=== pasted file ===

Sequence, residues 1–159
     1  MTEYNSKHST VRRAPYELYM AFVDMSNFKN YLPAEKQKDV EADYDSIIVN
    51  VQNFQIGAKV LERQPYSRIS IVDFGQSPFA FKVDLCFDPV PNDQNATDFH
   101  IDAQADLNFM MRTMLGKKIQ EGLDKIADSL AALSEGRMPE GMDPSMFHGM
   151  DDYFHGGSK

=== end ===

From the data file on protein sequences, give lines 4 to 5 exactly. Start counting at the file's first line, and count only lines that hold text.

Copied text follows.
   101  IDAQADLNFM MRTMLGKKIQ EGLDKIADSL AALSEGRMPE GMDPSMFHGM
   151  DDYFHGGSK